New York Burning
US History, Tuesday and Thursday, 1:00-2:25PM
February 15, 2012
February 22, 1993
Dear Dr. James Thompson,
It has been entirely to long since we have had a chance to catch up. I hope that you and your wife are doing well. How is the new job with The New-York Historical Society going? I hope it brings you as much fulfillment as your teaching job did. I can’t explain in words what a massive influence you had when you were my professor. Anyways, I wanted to write you and talk about my book..
I am pleased to be writing you again to fill you in on how my research is going and to get your assistance as a sounding board for details that I think may shed some light on the mental state of those being prosecuted after the fires. I have had time to thoroughly study and review the copy of the Plan for City Hall, that David Grim illustrated to show how City Hall in New York looked at the time of the legal proceedings (Stone, Page 65, Picture, The New-York Historical Society). Again, let me take this time to tell you thanks for the reference material. It is amazing that you have access to documents of this caliber and are willing to spend your time helping me compile data for my book. I wanted to get a good look at how the basement, or in this case the detainment facility or dungeon, was constructed. I was curious how all of the slaves that were on trial were able to talk to each other about their upcoming testimonies as some of my sources have revealed. Obviously, modern day confinement has a vast amount of history to look at when undergoing the planning and construction phases of new projects. Back when this building was constructed, I would have thought that the individuals in power would have done more to separate the arrestees prior to their trials to ensure they could not compare stories to make them match. That is not what I have found. It was a rather basic design named the “Great Gaol,” or simply an open floor plan (Stone, Page 66. #1, History). It talked about how anyone walking by City Hall at night could here the whistling that the lookouts would use as notification for a passer by. I think that the original planners for this building had a very negative view of how the slaves could think and conspire on their own behalf. I think that they must have thought that the slaves were to barbaric and also to uneducated to truly formulate a plot or to require separation by themselves. I think this turned to bite them in the end. I mean it wasn’t long after the fires that they saw exactly how cunning the slaves could be. Or maybe the planners decided that it didn’t matter if the slaves conversed since they would have no place in their own defense. In those days who would listen to a slave? The courts were a place for wealthy white men to get together, a social club if you will. It didn’t matter what the slaves said because they were merely property. If they were sentenced to death and the sentence was not pardoned, the owners of the slaves would lose money but I don’t think that the majority would have cared about the actual person. I am sure that there are exceptions to every rule though. These ideas have brought up new questions about why the slaves did not escape during their pre-trial confinement. I think I need to do more research to see what it was that kept them inside. Maybe they had hired guards to stand watch over the building. Maybe the punishment would be made even worse if they attempted to flee and were caught.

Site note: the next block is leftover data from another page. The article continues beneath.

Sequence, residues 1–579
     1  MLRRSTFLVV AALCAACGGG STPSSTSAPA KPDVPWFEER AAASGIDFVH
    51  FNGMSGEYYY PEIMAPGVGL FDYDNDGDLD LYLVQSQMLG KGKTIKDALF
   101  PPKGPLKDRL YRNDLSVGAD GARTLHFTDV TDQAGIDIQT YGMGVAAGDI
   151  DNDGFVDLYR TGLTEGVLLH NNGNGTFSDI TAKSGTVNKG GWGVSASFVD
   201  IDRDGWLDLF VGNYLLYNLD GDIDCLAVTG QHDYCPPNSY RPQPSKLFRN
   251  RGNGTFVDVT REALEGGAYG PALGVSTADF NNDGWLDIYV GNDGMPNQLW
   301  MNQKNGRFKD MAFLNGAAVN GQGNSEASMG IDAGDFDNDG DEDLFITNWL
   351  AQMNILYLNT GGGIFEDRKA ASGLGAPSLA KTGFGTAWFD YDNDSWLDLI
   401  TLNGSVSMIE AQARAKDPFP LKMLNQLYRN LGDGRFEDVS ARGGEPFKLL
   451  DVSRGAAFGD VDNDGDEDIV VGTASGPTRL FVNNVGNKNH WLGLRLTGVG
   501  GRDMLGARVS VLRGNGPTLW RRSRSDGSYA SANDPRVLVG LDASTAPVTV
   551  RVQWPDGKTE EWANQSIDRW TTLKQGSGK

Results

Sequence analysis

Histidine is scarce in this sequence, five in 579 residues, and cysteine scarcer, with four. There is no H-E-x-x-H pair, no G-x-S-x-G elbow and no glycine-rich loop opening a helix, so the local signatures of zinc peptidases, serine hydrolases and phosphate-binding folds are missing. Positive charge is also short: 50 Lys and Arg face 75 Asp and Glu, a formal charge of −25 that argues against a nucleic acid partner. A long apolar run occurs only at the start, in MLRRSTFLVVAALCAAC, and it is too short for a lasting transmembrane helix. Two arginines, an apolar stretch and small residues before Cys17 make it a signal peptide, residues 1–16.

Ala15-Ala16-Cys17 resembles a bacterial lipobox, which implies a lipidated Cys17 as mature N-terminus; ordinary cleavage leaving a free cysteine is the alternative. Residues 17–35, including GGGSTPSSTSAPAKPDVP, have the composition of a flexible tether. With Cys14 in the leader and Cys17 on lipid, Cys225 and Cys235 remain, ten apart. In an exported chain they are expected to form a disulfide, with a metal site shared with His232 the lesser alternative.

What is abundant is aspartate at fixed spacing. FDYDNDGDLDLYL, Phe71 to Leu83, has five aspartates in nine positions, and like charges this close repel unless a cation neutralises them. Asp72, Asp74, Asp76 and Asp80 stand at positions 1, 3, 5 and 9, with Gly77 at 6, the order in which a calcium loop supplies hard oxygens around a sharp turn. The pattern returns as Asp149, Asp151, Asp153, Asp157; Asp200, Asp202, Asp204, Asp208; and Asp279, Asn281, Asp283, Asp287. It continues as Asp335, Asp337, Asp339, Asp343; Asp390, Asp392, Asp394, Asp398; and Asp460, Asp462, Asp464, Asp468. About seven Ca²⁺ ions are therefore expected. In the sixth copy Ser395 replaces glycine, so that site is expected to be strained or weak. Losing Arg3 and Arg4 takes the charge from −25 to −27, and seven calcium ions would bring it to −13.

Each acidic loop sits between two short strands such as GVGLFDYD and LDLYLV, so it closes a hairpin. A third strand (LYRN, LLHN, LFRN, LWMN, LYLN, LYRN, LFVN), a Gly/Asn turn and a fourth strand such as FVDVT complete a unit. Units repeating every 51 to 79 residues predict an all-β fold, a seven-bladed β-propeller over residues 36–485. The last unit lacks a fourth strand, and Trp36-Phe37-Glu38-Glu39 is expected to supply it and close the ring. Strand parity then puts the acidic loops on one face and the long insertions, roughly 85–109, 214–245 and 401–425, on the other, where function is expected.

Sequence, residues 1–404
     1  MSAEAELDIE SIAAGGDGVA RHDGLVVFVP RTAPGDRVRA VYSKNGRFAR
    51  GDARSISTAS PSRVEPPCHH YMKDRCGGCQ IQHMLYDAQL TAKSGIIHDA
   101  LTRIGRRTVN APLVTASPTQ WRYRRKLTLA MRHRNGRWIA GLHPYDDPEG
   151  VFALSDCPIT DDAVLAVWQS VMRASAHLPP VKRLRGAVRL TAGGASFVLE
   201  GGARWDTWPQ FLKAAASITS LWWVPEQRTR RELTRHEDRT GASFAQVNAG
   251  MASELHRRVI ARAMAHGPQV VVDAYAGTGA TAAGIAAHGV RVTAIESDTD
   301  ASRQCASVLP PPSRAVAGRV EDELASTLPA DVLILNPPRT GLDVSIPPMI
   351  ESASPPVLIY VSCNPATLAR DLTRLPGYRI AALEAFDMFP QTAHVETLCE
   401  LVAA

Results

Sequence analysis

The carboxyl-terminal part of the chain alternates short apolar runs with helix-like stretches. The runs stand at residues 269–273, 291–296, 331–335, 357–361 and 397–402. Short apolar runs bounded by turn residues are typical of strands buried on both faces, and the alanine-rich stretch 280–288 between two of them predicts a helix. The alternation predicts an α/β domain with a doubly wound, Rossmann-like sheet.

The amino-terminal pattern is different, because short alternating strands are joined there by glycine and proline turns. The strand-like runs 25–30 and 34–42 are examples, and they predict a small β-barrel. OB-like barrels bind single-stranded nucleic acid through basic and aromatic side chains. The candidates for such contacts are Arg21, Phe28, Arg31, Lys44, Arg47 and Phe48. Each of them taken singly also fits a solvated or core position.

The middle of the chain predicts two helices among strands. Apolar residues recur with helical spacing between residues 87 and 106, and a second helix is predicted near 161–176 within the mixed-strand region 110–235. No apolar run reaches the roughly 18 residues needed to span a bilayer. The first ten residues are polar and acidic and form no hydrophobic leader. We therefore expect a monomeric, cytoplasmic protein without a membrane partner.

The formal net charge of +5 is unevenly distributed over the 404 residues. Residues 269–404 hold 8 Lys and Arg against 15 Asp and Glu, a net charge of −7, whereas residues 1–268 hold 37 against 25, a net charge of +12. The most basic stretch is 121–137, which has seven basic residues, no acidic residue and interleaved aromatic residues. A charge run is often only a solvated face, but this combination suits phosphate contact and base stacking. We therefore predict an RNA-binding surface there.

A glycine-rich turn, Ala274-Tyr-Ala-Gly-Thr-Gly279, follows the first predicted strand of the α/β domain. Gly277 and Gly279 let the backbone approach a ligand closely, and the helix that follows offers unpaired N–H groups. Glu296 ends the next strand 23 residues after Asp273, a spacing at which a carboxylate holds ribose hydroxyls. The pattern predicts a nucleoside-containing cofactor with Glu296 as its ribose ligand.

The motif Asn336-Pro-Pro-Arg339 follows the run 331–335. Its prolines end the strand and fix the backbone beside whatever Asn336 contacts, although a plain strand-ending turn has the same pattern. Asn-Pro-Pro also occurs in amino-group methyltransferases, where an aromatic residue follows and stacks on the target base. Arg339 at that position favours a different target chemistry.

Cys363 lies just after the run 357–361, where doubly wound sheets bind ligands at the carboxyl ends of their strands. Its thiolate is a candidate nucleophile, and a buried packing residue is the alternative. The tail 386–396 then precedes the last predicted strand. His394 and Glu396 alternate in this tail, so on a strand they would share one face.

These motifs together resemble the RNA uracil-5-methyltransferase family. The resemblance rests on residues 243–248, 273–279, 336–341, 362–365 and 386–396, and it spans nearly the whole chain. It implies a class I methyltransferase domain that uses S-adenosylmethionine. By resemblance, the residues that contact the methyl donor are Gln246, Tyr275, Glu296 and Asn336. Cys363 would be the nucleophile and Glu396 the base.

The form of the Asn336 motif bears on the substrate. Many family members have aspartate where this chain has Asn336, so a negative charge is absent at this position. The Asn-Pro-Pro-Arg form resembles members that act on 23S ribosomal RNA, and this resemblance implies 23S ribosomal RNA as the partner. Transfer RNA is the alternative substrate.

Anyway, that is where my thoughts have gone at this point. I truly feel that there has to be more research done into what the slaves experienced from their own perspective. This could prove to be very difficult though since the majority of the slaves could not read or write. And I am quite sure that an educated white was not going to take the time to ask how the slaves were feeling and then write it down...